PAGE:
Manuscripts should be submitted online at www.mdpi.com by registering and logging in to this website. Once you are registered, click here to go to the submission form. Manuscripts can be submitted until the deadline. All submissions that pass pre-check are peer-reviewed. Accepted papers will be published continuously in the journal (as soon as accepted) and will be listed together on the special issue website. Research articles, review articles as well as short communications are invited. For planned papers, a title and short abstract (about 100 words) can be sent to the Editorial Office for announcement on this website.

Submitted manuscripts should not have been published previously, nor be under consideration for publication elsewhere (except conference proceedings papers). All manuscripts are thoroughly refereed through a single-blind peer-review process. A guide for authors and other relevant information for submission of manuscripts is available on the Instructions for Authors page. Land is an international peer-reviewed open access monthly journal published by MDPI.

Please visit the Instructions for Authors page before submitting a manuscript. The Article Processing Charge (APC) for publication in this open access journal is 2600 CHF (Swiss Francs). Submitted papers should be well formatted and use good English. Authors may use MDPI's English editing service prior to publication or during author revisions.

Keywords

  • land management
  • urban green infrastructure
  • ecosystem services
  • geoinformation
  • decision making
  • sustainable urban development

Published Papers (1 paper)

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Research

28 pages, 6438 KiB  
Article
Your Favourite Park Is Not My Favourite Park: A Participatory Geographic Information System Approach to Improving Urban Green and Blue Spaces—A Case Study in Edinburgh, Scotland
by Charlotte Wendelboe-Nelson, Yiyun Wang, Simon Bell, Craig W. McDougall and Catharine Ward Thompson
Land 2024, 13(3), 395; https://doi.org/10.3390/land13030395 - 20 Mar 2024
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Abstract
Access to urban green and blue spaces (UGBSs) has been associated with positive effects on health and wellbeing; however, the past decades have seen a decline in quality and user satisfaction with UGBSs. This reflects the mounting challenges that many UK cities face [...] Read more.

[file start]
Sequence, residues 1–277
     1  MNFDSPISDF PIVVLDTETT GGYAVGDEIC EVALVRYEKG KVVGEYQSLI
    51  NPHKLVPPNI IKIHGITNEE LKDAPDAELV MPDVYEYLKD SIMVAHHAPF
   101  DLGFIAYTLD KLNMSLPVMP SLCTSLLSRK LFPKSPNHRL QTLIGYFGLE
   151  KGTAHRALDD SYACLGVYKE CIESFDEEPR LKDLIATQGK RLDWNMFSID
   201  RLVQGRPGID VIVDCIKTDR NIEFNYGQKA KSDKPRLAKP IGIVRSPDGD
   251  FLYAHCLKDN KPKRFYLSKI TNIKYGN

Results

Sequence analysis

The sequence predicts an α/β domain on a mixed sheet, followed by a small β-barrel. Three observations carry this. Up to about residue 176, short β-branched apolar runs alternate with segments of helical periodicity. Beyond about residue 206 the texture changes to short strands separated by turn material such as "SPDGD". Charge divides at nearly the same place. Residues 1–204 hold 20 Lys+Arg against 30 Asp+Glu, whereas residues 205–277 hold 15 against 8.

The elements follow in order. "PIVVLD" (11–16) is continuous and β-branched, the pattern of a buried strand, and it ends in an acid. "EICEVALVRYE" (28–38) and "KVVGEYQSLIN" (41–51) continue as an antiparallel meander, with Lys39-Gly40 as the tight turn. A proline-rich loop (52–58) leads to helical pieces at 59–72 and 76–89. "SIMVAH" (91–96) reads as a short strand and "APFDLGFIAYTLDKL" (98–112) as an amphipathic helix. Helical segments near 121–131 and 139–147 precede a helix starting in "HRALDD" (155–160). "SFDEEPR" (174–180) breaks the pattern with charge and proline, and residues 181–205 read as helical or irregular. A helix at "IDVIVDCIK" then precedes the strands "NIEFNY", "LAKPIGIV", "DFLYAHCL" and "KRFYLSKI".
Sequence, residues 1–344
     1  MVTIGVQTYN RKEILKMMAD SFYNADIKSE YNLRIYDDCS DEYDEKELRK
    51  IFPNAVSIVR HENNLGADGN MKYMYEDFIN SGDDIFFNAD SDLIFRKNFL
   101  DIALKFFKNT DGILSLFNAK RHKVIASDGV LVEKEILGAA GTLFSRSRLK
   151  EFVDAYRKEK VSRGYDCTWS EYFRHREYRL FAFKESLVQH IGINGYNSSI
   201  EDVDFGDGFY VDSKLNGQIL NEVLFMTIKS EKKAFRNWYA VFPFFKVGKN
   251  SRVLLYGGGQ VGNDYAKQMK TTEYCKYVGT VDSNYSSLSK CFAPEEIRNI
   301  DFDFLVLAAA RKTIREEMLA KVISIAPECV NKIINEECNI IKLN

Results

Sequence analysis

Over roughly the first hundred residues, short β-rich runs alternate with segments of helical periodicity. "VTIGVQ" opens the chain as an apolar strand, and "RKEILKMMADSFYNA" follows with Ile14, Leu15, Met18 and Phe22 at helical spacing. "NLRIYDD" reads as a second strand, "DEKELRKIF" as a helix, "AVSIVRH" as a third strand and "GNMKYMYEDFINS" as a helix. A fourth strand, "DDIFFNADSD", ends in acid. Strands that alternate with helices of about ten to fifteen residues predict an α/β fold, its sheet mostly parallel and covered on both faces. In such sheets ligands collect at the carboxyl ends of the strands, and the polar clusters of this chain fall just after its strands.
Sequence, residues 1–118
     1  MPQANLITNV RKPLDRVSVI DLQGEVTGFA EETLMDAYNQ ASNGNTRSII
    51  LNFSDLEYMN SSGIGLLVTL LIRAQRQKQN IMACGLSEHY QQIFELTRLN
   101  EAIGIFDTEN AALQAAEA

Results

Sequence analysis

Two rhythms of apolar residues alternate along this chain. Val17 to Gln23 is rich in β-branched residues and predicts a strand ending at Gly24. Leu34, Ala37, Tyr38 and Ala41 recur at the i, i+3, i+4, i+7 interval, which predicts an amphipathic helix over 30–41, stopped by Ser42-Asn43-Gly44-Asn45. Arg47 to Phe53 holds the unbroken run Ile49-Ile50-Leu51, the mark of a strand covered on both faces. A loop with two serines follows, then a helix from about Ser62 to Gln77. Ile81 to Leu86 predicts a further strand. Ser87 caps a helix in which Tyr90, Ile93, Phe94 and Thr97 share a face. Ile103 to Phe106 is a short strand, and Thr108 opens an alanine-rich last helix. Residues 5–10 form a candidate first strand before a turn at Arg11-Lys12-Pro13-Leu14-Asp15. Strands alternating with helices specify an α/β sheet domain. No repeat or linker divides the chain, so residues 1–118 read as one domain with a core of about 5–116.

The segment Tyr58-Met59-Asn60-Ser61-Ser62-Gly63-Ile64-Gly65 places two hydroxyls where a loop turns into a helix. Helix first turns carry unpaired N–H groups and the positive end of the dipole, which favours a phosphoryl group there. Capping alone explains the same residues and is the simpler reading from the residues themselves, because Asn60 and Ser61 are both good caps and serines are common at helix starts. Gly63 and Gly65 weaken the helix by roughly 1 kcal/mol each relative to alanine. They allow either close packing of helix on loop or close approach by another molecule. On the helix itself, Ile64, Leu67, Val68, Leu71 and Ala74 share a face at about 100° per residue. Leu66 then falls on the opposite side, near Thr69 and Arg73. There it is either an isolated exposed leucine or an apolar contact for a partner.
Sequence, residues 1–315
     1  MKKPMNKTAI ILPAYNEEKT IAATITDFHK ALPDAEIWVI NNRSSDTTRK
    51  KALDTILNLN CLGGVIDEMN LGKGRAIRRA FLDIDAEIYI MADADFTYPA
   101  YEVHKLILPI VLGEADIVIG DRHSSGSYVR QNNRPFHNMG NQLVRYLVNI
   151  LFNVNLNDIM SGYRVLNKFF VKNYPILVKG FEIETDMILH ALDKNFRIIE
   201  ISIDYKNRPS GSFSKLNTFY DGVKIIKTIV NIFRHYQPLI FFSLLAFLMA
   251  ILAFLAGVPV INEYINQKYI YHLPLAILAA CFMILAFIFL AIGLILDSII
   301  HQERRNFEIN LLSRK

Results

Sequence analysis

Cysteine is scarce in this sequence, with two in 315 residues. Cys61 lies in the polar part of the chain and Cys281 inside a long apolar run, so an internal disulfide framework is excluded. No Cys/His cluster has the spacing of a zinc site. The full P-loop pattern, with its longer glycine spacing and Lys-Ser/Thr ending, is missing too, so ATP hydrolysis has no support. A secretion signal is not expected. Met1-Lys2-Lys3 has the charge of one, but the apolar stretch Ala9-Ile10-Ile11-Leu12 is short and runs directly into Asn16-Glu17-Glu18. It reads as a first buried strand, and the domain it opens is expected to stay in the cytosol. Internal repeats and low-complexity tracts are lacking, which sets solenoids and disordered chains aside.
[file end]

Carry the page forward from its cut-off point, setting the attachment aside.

Access to urban green and blue spaces (UGBSs) has been associated with positive effects on health and wellbeing; however, the past decades have seen a decline in quality and user satisfaction with UGBSs. This reflects the mounting challenges that many UK cities face in providing appropriate public facilities, alongside issues such as health inequalities, an ageing population, climate change, and loss of biodiversity. At present, little is known about the preferences of different population subgroups and, specifically, the UGBSs they visit and the spaces they avoid. Using a public participatory geographic information system (PPGIS), the overall aim of the research presented here was to investigate the preferences of different population subgroups in urban areas, and the UGBSs they visit, using Edinburgh, Scotland as a case study. We created a baseline visitor demographic profile for UGBS use, and highlighted how visitors perceive, physically access, use, and engage with UGBSs. The results revealed considerable variation in UGBS preference: one person’s favourite UGBS may be one that someone else dislikes and avoids. It is clear that adapting UGBSs to suit local communities should not be a ‘one-size-fits-all’ approach. The conflicting views and preferences of different groups of respondents point to the importance of developing policies and park management plans that can accommodate a variety of uses and experiential qualities within individual parks. PPGIS approaches, such as those utilised in this study, offer opportunities to address this issue and provide evidence to increase equitable UGBS usage. Full article
(This article belongs to the Special Issue Managing Urban Green Infrastructure and Ecosystem Services)